Devisee means a person or entity that receives property under a will.

Eligible heirs means, for purposes of Article 2 Part 1 (25 U.S.C. 2206), any of a decedent's children, grandchildren, great grandchildren, full siblings, half siblings by blood, and parents who are—

(a) Indian; or

(b) Lineal descendents within two degrees of consanguinity of an Indian; or

(c) Owners of a trust or restricted interest in a parcel of land for purposes of inheriting by descent, renunciation, or consolidation agreement under Article 2 Part 1 of this code or 25 U.S.C. 2206, another trust or restricted interest in such parcel from the decedent.

Estate means the land and personalty owned by the decedent at the time of death.

Heir means any individual or entity eligible to receive land and personalty from a decedent in an intestate proceeding.

Heirs of the first or second degree means parents, children, grandchildren, grandparents, brothers and sisters of a decedent.

Indian means—

(a) Any person who is a member of a federally recognized Indian tribe, is eligible to become a member of any Indian tribe, or is an owner (as of October 27, 2004) of an interest in trust or restricted land;

(b) Any person meeting the definition of Indian under 25 U.S.C. 479; and the regulations promulgated thereunder; and

(c) With respect to the inheritance and ownership of trust or restricted land in the State of California under 25 U.S.C. 2206, any person described in subparagraph (a) or (b) of this definition or any person who owns a trust or restricted interest in a parcel of land in that State.

Indian Tribe or Tribe means any Indian tribe, band, group, pueblo, or community for which or for the members of which the United States holds lands in trust.

Intestate means the decedent died without a valid will. Start Printed Page 54676

Land means any real property and includes within its meaning for purposes of this Code improvements permanently affixed to real property.

Minor means an individual who has not reached the age of majority as defined by the applicable law. For all trust and restricted property, the age of majority is 18 years of age. See 25 U.S.C. 373.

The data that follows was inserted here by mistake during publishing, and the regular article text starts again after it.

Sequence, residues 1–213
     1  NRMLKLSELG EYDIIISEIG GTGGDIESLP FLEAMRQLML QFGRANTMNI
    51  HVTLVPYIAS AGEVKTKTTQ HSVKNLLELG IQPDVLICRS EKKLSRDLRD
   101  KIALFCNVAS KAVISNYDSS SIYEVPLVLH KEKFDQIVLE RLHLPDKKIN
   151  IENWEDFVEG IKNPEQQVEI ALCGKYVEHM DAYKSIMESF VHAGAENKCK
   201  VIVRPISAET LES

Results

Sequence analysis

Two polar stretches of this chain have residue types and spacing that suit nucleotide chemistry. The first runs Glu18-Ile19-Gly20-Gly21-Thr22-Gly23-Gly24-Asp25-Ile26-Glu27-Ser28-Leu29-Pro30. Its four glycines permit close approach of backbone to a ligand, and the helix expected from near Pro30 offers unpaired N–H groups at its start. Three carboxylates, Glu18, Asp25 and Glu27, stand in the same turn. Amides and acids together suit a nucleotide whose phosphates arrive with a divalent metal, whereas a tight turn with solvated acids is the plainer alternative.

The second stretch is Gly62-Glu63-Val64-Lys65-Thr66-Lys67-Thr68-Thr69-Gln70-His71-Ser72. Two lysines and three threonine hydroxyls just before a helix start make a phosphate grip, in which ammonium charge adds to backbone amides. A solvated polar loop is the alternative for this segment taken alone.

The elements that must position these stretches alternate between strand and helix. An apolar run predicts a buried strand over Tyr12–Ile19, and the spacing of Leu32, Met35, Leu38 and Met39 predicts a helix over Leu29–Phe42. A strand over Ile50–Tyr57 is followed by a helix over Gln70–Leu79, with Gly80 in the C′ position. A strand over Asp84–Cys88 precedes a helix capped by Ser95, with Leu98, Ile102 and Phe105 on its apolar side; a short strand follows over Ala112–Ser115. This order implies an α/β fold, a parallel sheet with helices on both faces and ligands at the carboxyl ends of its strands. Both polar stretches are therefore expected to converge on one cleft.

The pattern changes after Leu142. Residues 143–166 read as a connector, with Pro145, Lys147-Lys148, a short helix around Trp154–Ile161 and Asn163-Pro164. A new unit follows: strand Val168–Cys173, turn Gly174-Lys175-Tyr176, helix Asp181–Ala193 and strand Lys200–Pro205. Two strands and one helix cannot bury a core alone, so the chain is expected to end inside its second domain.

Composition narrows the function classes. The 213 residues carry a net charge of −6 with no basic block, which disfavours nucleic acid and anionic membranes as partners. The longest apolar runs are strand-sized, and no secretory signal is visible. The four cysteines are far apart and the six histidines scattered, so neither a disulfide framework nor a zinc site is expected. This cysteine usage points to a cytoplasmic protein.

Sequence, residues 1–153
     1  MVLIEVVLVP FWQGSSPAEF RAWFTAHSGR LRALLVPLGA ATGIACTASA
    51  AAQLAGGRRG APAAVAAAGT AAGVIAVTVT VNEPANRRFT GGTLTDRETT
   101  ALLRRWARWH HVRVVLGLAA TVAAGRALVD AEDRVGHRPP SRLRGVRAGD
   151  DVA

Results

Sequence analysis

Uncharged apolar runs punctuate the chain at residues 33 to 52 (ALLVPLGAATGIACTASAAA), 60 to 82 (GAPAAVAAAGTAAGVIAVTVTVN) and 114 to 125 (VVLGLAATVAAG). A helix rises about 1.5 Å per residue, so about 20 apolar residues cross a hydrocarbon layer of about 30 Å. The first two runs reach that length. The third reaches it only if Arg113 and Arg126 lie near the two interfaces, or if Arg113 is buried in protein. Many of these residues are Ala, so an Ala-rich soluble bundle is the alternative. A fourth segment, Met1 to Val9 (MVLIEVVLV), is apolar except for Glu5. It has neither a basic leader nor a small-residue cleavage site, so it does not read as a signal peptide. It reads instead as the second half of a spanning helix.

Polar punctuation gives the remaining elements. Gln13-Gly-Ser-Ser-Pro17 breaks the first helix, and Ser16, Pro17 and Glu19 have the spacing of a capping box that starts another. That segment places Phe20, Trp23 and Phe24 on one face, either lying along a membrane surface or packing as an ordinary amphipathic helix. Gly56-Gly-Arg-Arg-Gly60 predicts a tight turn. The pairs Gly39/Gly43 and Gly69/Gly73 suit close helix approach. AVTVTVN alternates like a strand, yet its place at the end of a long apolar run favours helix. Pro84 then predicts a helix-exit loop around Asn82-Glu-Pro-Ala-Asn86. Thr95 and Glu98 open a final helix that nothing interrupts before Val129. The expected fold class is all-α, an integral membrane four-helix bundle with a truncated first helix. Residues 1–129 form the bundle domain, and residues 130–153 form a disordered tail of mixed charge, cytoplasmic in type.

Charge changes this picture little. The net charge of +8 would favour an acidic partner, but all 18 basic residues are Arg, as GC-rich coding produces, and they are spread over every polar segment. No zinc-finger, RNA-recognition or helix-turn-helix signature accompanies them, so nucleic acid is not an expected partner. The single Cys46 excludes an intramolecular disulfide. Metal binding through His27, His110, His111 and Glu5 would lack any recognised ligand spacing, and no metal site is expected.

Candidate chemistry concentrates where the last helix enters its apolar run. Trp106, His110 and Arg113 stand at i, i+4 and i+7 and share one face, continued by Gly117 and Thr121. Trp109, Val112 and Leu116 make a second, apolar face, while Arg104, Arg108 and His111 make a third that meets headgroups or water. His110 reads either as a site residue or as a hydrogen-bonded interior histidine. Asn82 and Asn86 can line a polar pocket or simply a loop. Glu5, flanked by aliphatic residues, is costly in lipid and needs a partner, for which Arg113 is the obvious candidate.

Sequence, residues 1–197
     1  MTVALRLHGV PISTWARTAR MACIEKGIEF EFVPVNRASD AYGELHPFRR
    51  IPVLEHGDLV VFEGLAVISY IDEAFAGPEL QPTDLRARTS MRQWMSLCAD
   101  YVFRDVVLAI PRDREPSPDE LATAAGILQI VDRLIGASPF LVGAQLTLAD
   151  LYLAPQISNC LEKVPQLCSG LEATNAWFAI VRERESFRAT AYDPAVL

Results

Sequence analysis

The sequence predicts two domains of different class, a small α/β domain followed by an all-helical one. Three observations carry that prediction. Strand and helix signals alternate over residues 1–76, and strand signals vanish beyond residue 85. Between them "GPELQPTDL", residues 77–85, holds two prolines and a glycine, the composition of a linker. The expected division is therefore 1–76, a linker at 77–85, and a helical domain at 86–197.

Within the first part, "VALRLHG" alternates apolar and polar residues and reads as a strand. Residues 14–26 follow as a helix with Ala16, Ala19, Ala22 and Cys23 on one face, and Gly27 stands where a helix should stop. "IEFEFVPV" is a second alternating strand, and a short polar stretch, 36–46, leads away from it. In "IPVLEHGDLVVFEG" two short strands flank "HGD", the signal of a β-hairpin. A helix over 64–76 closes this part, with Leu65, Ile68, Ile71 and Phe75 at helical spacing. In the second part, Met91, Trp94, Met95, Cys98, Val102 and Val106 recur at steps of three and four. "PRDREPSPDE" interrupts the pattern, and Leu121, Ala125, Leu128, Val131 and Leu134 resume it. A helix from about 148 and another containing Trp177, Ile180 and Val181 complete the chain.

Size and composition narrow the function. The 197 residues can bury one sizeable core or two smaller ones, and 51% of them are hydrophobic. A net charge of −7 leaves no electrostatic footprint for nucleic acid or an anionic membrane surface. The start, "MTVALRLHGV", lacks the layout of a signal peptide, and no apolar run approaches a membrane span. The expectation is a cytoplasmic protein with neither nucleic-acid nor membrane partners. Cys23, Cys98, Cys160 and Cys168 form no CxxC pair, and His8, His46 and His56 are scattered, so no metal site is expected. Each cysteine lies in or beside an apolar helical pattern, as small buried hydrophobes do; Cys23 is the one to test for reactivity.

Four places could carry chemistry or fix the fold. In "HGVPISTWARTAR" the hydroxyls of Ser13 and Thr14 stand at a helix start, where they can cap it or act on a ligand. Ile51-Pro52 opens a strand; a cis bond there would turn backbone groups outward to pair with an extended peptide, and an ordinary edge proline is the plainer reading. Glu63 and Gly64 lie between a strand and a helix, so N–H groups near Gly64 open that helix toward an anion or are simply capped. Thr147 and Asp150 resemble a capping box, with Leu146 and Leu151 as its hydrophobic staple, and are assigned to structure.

Probate means the legal process by which applicable tribal, Federal, or State law that affects the distribution of a decedent's estate is applied to:

(a) Determine the heirs;

(b) Determine the validity of wills and determine devisees;

(c) Determine whether claims against the estate will be paid from trust funds; and

(d) Order the transfer of any trust or restricted land or trust personalty to the heirs, devisees, or other persons or entities entitled by law to receive the funds or land.

Purchase option at probate refers to the process by which eligible purchasers can purchase a decedent's interest during the probate proceeding.

Restricted property means real property, the title to which is held by an Indian but which cannot be alienated or encumbered without the consent of the Secretary. For the purposes of probate proceedings, restricted property is treated as if it were trust property.

Secretary means the Secretary of the Interior or an authorized representative. The authorized representative of the Secretary for the performance of probate functions is BIA. The authorized representative of the Secretary for adjudication of probate for trust and restricted interests is OHA.